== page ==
Duck Soup appears in an aspect ratio of 1.37:1 on this Blu-ray Disc. Soup offered an erratic presentation.
The biggest issue, sharpness seemed somewhat spotty. Most of the movie presented acceptable definition, but exceptions occurred. This meant the movie could be more than a little soft at times, and it never came across as especially tight.
No problems with jagged edges or shimmering occurred, and edge haloes remained absent. With a nice layer of grain, I didn’t suspect any issues with digital noise reduction.
Blacks were largely adequate. They could seem somewhat inky but usually boasted reasonable depth. Shadows looked fine, though I thought contrast was a little off, as the image could appear a bit too bright.
Print flaws were never an issue. The transfer enjoyed a good clean-up and lacked any obvious marks of blemishes. Overall, this remained a satisfactory presentation but not a great one.
The film’s DTS-HD MA monaural audio was also spotty, though fine given the era. Speech showed slight edginess and never appeared natural, but dialogue remained consistently intelligible and without substantial problems. Effects also lacked much range, but they presented reasonably concise tones without much distortion.
Music followed suit, with restricted dynamics and some roughness. However, the songs never became terribly harsh and remained within the realm of acceptability for a movie from 1933. Background noise failed to be a concern. I thought the track was more brittle than I’d like, but it remained adequate.
How did the Blu-ray compare to the prior DVD from 2004? Audio was fairly similar – the Blu-ray removed the minor background noise but otherwise worked about the same. Visuals showed improvements, mainly due to the elimination of print flaws. Though I wasn’t blown away by the Blu-ray, I thought it worked better than the DVD.
I didn’t give the other individual discs a grade for extras – each included its own commentary but the majority of the supplements show up here alongside Duck Soup. This means the “Bonus” grade above covers the whole package, not just this one movie.
Exclusive to the Blu-ray, we find an audio commentary from film historians Leonard Maltin and Robert S. Bader. They sit together for a running, screen specific look at cast/crew, sets and locations, Marx history, trivia and production elements.
Overall, this commentary works pretty well, though it lacks consistency. At times, Bader and Maltin just watch the movie and laugh, so we get some definite lulls. Still, they offer enough useful material to make the track worth a listen.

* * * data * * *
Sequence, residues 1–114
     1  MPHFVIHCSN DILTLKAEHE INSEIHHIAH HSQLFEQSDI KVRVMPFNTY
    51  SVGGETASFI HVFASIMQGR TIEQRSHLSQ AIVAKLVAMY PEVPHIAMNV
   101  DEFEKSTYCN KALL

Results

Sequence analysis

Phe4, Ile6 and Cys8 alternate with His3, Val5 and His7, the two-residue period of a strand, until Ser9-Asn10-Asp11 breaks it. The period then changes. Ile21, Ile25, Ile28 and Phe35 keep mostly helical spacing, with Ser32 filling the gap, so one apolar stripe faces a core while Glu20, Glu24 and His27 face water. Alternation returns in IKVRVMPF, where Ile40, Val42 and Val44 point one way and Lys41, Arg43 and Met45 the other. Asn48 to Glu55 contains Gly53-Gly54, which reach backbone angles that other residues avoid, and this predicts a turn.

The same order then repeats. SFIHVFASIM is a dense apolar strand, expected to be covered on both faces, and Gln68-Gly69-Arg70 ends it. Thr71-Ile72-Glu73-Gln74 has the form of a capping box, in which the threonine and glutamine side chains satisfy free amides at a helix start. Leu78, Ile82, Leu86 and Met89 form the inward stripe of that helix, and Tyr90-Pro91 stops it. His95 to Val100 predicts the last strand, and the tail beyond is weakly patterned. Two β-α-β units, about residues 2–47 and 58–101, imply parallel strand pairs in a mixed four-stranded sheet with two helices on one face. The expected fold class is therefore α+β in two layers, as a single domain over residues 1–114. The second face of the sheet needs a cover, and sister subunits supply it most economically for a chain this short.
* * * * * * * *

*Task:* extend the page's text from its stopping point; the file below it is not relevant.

Also new to the 2016 set, we get The Marx Brothers: Hollywood’s Kings of Chaos. This one-hour, 19-minute and 57-second show involves notes from Maltin, Bader, film critic FX Feeney, TV producer David Mandel, Harpo’s son Bill Marx, film historians Anthony Slide, Dr. Drew Casper and Jeffrey Vance, talk show host Dick Cavett, movie screenwriters Scott Alexander and Larry Karaszewski, Groucho’s secretary Steve Stoliar and Groucho’s grandson Andy Marx.
“Kings” looks at the family roots and how they got into show business, aspects of each brother, their move to films, aspects of their early years in movies and later events. Much of “Kings” becomes more “appreciation” than “history”, and that’s fine much of the time. I’d prefer a stronger documentary feel, though, as “Kings” offers reasonable informational value but nothing great.
Found on the old 2004 release, we get three Today Show Interviews. These present chats with Harpo Marx in 1961 (seven minutes, 15 seconds), Groucho Marx in 1963 (4:52), and William Marx in 1985 (4:39).
It’s misleading to refer to Harpo’s segment as an interview. The mute Marx remains silent and just clowns around while the hosts laugh and try to talk about Harpo’s autobiography. It’s nice to see this footage for archival reasons, but it’s not very interesting otherwise.
No one will find anything scintillating in Groucho’s chat, but it’s an improvement. He demonstrates his famous walk and also talks about casting Marilyn Monroe for Love Happy. That story’s pretty interesting, but we don’t get much else here in this short piece.
Lastly, William appears to commemorate the reissue of Harpo’s autobiography. He discusses his dad’s speaking voice and his behavior around the house. We also see some home movies and hear about life as a Marx child. It’s too brief to offer much insight, but it’s the most illuminating of the bunch.
Though many seem to view it as the Marx Brothers’ best, I’m not quite as high on Duck Soup. Still, it offers a reasonable array of laughs. The Blu-ray brings us acceptable picture and audio along with a few supplements. This ends up as a decent release for a fun movie.
Note that Universal currently offers Duck Soup only as part of The Marx Brothers Silver Screen Collection. This three-disc set also includes Animal Crackers, The Cocoanuts, Monkey Business and Horse Feathers.
To rate this film, visit the 2004 DVD review of DUCK SOUP